He was ready for an unexpected opportunity in 2008.
How did Pablo Sandoval, a player just promoted from single A, with 184 PAs in AA, get his big break? It was all about lack of depth. The Giants’ backup catchers were not ready for the Majors.
On 1 July, Steve Holm, the backup catcher since spring training, got sent down to AAA. For the next six weeks, the Giants struggled.
About 14 August, the Giants decided they needed a new plan because:
- In the prior 20 games, they averaged 2.75 runs per game.
- Their season win-loss record was 50-70.
- They were in fourth place in the NL West.
The Giants called up Pablo Sandoval to play catcher (86.1 innings), first base (121 innings), and third base (85 innings). He was ready!
- In the next 20 Giant games, Sandoval hit 6 RBIs in 73 PAs, with a team average of 4.30 runs per game.
- In Giant games 21-40, Sandoval hit 16 RBIs in 75 PAs, with a team average of 4.55 runs per game.
Why is Pablo Sandoval a fan favorite?
Let’s look at several ways to understand his appeal to fans.
Fans noticed his presence and respect from other players. Presence is important for two reasons: because it shows that a player owns his performance, and because it energizes his teammates. Respect is important for two reasons: it is an important prerequisite for building trust and teamwork, and because a respected player can focus 100% on playing baseball.
“Pablo speaks for himself, just the way he comes in, his professionalism, what he adds in clubhouse, the presence has, the respect he has from everybody. And he can still hit. He’s kind of what you’re looking for. He’s a guy who can sit around and stay ready.” — Brian Snitker
“No situation’s going to be too big. Not only in that role, but in the clubhouse, too. This guy is awesome to have on your team.” — Brian Snitker
An incredible play happened. It happened in his second month in the Majors, on September 19. He was near second base when Bengie Molina hit a hard groundball towards him. He froze so the ball could pass between his legs and into the outfield. Pablo Sandoval ran around third and towards home. Although the throw was offline, the ball got to catcher Danny Ardoin a split second before Pablo Sandoval. When the catcher stretched out for the tag, Pablo Sandoval spun his body around and over the tag with his arms stretched back. His agility was a wonderful sight to behold. He touched home plate, safe!
He has a cool nickname, Kung Fu Panda! Because of the incredible play, Barry Zito gave a nickname to Pablo Sandoval. An animated movie, Kung Fu Panda, is about animals who talk and act like people. A panda named Po dreams of being a martial art fighter when reality is that he is in his family’s noodle business (could be a future nickname for the minor leagues). Unexpectedly, he was chosen to be the dragon warrior. He trains hard and is well prepared to fight when opportunity arrives. Kung Fu Panda is a cool nickname! For fans, that’s a huge plus.
Makakilo! For a baseball writer, that’s not at all bad for a nickname. I grabbed my opportunity to move to Makakilo, Hawaii. My baseball writing started shortly thereafter. Let’s get back to Pablo Sandoval.
Fans love his comeback story. After enjoying rookie success in 2008 and 2009, he struggled in 2010. In 2010, he was on the bench for some postseason games.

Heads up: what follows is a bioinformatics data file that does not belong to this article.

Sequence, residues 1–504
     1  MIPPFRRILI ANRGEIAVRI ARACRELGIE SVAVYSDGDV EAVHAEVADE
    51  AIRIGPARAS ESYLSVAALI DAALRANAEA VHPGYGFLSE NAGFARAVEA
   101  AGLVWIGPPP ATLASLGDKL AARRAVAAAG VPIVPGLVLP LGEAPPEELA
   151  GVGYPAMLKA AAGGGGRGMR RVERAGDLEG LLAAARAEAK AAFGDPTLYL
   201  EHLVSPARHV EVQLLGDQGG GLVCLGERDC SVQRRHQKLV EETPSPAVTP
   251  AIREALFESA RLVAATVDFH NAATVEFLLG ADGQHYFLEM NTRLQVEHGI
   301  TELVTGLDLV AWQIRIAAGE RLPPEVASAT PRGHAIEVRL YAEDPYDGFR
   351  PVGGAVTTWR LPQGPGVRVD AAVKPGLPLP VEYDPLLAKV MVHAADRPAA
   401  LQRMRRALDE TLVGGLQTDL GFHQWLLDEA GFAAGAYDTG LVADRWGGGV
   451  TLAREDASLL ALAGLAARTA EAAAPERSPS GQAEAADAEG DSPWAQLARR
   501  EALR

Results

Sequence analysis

He responded by improving his skills, both offense and defense. Then in April 2011, he broke his hamate bone – just another obstacle to overcome. It was a great comeback.
- In 2011, his 14 DRS at third base ranked 2nd in the Majors. And his defense passed the eye test – videos of his best defensive plays are impressive.
- His batting improved – his OPS+ improved from 99 to 155. While his plate appearances fell by 24% due to injury, his homers increased from 13 to 23. And that was followed by greater success the next season.
Fans love a player who achieves great success at the highest level. In the 2012 postseason, Pablo Sandoval hit 6 homers and 13 RBIs. In the World Series, which his team won, his OPS was an unbelievable 1.654. He was the MVP for the World Series.
Fans love homers and RBIs. Over his career, Pablo Sandoval hit 632 RBIs, which ranks 35th among active players. His 51 sacrifice flies ranks 13th among active players.
Players who are part of the team’s success story have great appeal. There is a statistic, cWPA, which measures by how much an event/play increases the team’s chances of winning the World Series. In addition to postseason plays, plays during the regular season have impact, albeit a smaller impact. That explains why a superstar like Nolan Arenado has a smaller cWPA than a fan might expect.
“It’s not a “fair” metric in that not all players get the same opportunities (or even anywhere close to the same opportunities),…” — Daniel Marks
“Just as single-game win probability added (WPA) measures how a player impacts their team’s chances of winning a game, cWPA measures how a player impacts their team’s chances of winning the World Series.” — Baseball Reference.
The following graph includes this season’s starting third basemen in the NL West, plus Pablo Sandoval who previously played third base for the Giants and Nolan Arenado who previously played third base for the Rockies. For each player, the chart shows three things relevant to being a fan favorite:
- His total cWPA, which is proportional his circle’s area. Larger circles mean higher cWPA.
- Whether batting, fielding, or a mix accounts for most of his cWPA.
- Whether postseason, regular season, or a mix accounts for most of his cWPA.
Most fan favorites are in the upper right corner of the graph, although a noteable exception is Nolan Arenado. Pablo Sandoval is in the upper right corner - for that reason, and several other reasons, he is a fan favorite.